We had, after a fairly brutal 200 kilometres that had taken over 7 hours to complete, arrived in Pokhara. The laid back town that sits unassumingly at the foothills of the Himalayas.
The town that sees thousands of people a year, mainly between March – May and September – November, embark on treks, hikes, ascents and descents through endless valleys and atop countless peaks.
Through a faint winter’s haze Machhapuchhre soared high into the sky as a beacon of where we were to go. But there was much to do before we could even think about putting left in front of right and beginning our many-days-march.
Pokhara Lakeside. Phewa lake to the west and; buried behind cafés, restaurants and an endless number of hiking shops lay Pokhara main town. A place where few tourists dare tread, instead staying true on their course north-south on Manswara road; where many have gone before.
And so we followed suit…
North to find a jacket. South to find a sleeping bag.
North to find trekking poles. South to find rations.
North to find batteries. South to find a map.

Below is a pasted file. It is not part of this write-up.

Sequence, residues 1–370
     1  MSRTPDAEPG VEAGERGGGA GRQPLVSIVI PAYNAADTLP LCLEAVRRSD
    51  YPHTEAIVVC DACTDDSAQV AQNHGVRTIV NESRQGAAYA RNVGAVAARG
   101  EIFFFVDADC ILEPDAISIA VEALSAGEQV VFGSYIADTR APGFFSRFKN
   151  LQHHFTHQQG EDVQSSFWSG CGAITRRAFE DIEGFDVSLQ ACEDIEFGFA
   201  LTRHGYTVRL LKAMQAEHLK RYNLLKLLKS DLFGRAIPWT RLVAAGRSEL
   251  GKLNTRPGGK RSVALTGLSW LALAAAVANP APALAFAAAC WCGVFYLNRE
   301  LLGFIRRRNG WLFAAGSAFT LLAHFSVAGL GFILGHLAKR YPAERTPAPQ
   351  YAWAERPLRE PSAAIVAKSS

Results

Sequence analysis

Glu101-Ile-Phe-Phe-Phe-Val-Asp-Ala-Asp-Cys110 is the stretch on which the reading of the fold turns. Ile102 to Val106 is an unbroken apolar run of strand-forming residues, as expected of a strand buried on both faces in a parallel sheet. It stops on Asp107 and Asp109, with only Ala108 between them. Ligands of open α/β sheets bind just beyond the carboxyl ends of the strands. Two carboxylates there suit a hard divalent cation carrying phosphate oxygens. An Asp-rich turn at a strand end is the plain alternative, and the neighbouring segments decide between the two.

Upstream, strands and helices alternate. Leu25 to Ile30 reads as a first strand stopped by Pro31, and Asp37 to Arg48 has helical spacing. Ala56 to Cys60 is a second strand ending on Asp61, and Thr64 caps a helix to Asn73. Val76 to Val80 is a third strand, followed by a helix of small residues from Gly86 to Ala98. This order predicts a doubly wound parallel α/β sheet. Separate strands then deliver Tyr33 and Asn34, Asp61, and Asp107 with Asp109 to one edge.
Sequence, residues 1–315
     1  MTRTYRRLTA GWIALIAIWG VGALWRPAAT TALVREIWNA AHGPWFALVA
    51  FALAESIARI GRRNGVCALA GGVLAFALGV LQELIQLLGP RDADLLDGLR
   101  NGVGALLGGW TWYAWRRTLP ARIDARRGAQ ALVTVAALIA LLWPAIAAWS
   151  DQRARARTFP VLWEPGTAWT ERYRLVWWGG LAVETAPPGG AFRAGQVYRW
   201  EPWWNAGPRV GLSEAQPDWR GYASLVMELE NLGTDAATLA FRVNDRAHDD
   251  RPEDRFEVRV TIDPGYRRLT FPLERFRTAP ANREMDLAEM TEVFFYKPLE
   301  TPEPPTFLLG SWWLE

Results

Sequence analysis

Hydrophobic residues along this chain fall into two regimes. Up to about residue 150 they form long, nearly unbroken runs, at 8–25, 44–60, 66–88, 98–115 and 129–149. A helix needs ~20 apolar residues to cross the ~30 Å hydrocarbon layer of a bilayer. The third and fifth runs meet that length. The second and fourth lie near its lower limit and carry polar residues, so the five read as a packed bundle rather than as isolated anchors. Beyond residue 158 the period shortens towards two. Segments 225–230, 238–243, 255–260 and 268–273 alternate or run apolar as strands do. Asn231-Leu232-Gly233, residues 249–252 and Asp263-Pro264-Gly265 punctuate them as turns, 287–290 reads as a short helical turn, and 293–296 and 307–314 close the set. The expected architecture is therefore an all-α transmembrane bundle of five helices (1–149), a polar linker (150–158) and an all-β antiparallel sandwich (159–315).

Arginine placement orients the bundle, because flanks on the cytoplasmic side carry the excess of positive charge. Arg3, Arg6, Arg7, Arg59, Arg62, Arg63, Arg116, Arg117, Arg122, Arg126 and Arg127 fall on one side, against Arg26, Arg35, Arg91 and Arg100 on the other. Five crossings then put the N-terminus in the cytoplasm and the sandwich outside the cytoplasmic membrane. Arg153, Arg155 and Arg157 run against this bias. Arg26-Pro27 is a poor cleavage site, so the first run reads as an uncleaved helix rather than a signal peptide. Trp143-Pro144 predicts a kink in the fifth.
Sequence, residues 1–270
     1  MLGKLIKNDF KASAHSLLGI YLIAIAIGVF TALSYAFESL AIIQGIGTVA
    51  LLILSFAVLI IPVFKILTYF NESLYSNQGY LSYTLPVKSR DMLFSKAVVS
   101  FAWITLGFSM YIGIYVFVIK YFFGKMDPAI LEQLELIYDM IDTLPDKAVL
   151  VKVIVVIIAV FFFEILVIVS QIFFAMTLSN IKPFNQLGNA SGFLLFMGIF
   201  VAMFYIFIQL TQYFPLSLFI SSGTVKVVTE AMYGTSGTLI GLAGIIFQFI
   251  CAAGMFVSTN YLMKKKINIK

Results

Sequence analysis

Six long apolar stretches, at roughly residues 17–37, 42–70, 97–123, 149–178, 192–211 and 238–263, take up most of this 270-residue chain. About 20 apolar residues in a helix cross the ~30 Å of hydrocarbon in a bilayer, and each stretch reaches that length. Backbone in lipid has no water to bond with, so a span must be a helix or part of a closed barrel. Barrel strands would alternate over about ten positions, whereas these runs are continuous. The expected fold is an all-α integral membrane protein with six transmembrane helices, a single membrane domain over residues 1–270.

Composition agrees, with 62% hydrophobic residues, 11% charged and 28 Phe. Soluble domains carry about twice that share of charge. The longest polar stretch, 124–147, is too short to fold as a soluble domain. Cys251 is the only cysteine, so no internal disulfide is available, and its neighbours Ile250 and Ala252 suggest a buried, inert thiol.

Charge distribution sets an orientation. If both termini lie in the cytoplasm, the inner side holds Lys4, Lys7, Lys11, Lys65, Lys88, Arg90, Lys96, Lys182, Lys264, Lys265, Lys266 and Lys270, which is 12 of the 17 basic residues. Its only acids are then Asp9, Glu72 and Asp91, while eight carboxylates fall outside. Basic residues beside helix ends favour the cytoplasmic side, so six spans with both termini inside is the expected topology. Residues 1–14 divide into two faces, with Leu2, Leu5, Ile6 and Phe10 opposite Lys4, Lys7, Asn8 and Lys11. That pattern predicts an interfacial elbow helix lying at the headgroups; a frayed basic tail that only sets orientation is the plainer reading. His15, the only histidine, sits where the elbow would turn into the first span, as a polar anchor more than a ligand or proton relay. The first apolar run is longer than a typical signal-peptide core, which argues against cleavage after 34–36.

And so on. As the few January tourists criss-cross each other up and down the road, unfazed locals gather and carry on Nepali life. A fish delivery. By bicycle. Butchery on the street. Blood spilling across the flagstones, trying in vain to reach the drain.
It is a road I now know well. And it is a road that served me well to perfect my bartering skills… No doubt helpful when we finally make it over the border to India!
And so the days pass. Pontificating over what to buy. Prattling with our climbing partners on the coming ascent. The mountains stare down on us, not getting closer, but planting excitement and trepidation into our minds.
160 miles to walk.
More than 4.5 kilometres to climb.
Gale force winds.
Temperatures dropping below -20 degrees… Before wind chill factor.
Days and days on the trail.
… And possibly snow. How much? That’s in the lap of the gods.
And then the last night in a proper bed came rolling around. So with bags packed and bundles of money ready to dispense we slept our last good night’s sleep.
Our minds and bodies – barely – prepared for an early morning alarm call let alone the trek to come…